One of the key strengths of structured products in the UK is that the terms are almost always shown net of all charges - what you see is what you get.
So, if a product pays 7.5 per cent p.a. income, someone investing £10,000 will get £750 each year and 100 per cent return of capital will deliver £10,000 back.
“But I can get a yield of 8 per cent on the XYZ high income fund,” says the adviser, completely ignoring the effect of charges.
“Indeed,” say I (trying not to break my personal cynicism reduction goals) “but there’s a 5 per cent bid/offer spread and a TER of 1.75 per cent p.a., so the £10,000 investor only has £9,500 invested, on which they’ll receive income of 6.75 per cent or about £595. So their 8 per cent yield has turned into 5.95 per cent rather than the 7.5 per cent they’d get from the structured product.”
“Whatever,” says the adviser “The client’s still happier buying something with an 8 per cent yield than 7.5 per cent.”
And therein lies the rub – an IFA’s key target is to ensure their clients are happy with their investments, and the choice is sometimes between trying to make a client understand their investments (and risking the chance of losing them) or trying to steer them gently on the road to enlightenment, even if it means their investment portfolio could sometimes leave room for improvement.
Let’s imagine a world where structured products have explicit initial charges (not for too long though, even I have better things to do with my mind) – I’m thinking 5 per cent initial and 1 per cent p.a. (commission of 3 or 4 per cent plus 0.5 per cent p.a.).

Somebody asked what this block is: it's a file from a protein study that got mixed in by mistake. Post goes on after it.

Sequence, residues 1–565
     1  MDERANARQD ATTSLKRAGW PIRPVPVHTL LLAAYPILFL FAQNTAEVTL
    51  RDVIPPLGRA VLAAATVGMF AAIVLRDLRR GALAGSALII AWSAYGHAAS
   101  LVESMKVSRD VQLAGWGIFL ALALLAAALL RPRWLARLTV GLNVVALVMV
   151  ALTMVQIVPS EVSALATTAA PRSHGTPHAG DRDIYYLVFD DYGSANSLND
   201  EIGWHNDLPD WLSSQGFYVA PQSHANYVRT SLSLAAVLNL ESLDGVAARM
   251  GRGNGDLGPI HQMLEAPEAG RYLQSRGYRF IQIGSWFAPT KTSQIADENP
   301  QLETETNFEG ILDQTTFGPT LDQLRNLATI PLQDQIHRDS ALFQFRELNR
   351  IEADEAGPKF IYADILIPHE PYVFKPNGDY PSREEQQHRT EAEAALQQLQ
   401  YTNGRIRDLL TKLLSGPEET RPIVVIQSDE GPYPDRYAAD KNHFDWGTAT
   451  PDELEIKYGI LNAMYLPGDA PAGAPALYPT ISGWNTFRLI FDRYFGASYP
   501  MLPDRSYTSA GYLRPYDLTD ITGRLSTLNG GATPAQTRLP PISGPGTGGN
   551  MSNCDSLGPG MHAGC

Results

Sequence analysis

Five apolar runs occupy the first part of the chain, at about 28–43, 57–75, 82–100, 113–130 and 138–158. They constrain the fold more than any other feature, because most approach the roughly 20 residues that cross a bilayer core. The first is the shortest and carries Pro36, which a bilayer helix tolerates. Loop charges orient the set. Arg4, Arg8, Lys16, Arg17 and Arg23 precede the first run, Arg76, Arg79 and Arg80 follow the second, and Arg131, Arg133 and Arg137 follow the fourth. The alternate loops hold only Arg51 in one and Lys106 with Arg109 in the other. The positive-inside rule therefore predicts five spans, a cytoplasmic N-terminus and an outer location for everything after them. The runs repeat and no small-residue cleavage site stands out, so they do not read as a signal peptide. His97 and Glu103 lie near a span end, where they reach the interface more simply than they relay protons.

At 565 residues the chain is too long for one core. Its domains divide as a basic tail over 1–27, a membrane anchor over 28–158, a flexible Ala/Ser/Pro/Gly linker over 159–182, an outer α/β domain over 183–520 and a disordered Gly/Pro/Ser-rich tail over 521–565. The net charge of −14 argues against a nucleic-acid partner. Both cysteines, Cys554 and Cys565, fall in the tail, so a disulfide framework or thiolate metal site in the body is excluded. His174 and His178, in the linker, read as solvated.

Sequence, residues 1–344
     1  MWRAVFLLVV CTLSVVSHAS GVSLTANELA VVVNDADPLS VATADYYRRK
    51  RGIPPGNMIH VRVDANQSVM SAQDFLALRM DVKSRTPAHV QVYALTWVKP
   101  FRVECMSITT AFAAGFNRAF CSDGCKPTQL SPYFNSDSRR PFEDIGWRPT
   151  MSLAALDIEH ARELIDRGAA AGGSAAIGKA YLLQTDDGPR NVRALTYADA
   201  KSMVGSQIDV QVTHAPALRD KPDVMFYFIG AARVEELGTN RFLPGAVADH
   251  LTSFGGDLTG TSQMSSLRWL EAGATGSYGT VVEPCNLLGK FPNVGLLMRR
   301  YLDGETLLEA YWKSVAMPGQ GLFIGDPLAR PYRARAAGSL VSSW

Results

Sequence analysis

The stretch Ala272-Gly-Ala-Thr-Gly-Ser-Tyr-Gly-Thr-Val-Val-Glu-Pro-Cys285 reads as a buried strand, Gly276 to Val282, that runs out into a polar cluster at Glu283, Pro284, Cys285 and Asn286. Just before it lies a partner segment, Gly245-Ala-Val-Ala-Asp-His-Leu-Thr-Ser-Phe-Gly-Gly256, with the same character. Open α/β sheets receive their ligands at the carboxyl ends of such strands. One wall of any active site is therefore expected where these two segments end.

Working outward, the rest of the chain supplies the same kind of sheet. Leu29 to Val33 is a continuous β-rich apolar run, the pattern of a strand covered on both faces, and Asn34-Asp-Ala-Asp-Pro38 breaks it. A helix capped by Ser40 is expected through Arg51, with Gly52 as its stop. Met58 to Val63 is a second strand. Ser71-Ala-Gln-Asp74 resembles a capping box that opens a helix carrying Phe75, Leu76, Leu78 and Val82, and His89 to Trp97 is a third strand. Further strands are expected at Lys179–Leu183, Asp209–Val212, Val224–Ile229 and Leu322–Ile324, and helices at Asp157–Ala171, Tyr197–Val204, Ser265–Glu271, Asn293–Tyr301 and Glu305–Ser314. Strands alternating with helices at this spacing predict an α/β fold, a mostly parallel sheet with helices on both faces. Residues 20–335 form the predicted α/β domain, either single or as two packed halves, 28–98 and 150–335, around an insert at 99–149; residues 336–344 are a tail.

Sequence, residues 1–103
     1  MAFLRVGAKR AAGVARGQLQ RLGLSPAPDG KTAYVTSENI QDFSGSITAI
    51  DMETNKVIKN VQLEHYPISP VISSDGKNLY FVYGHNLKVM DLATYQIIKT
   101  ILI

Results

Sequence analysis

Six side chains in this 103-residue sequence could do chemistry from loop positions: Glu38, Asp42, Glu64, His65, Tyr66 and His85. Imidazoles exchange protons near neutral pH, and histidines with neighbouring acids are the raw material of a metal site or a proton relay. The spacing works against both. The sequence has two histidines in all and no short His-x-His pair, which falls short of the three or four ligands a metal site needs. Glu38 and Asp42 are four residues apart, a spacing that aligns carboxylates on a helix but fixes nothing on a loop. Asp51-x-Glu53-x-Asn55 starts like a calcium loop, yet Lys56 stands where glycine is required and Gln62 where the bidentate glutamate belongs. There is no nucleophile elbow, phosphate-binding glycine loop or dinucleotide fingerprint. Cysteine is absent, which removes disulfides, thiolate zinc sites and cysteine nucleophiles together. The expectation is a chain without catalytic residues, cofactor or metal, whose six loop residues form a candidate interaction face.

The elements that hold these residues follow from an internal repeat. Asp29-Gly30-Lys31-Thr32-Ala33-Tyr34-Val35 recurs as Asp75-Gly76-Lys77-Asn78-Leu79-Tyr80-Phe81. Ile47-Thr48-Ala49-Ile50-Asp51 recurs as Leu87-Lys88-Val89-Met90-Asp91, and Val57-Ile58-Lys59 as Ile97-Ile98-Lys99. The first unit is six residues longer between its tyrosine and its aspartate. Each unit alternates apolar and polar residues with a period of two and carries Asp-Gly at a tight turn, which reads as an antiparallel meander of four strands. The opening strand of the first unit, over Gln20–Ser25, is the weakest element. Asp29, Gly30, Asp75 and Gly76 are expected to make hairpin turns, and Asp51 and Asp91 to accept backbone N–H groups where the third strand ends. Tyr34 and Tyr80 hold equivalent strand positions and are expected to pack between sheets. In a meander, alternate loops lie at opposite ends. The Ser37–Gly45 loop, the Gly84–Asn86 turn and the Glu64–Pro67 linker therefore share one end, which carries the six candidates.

Instead of a product offering 150 per cent of the rise in the FTSE 100 Index over 6 years, it might offer 200 per cent of the rise - nice, but not earth shattering though. Shorter term products, however, would look quite a lot different as would those designed to mature early, for example 30 per cent after 3 years if the Index is higher than its start level.
The real appeal though, would be when it came to income products. Instead of a yield of 7.5 per cent, it would be a yield of 10 per cent - of course this would actually convert to about 8.5 per cent on the £10,000 investment in the investor’s bank account, and they’d have lost 5 per cent of their original capital. Would this lead to happier advisers and investors?
“The charges are less then the XYZ fund, but I still get the same commission and the client sees a yield of 10 per cent - of course I’ll be recommending it. And the client’s getting extra cash too, which is a nice bonus all round.”
So, maybe it’s time to make advisers and clients happy again. And although we’ll be sticking to 100 per cent capital protected products for the foreseeable future, some attractive income structures may well emerge.
Clive Moore is Managing Director of IDAD
The views expressed in this article of those of its author and do not necessarily represent those of IFAonline or any other Incisive Media affiliated organisation.IFAonline
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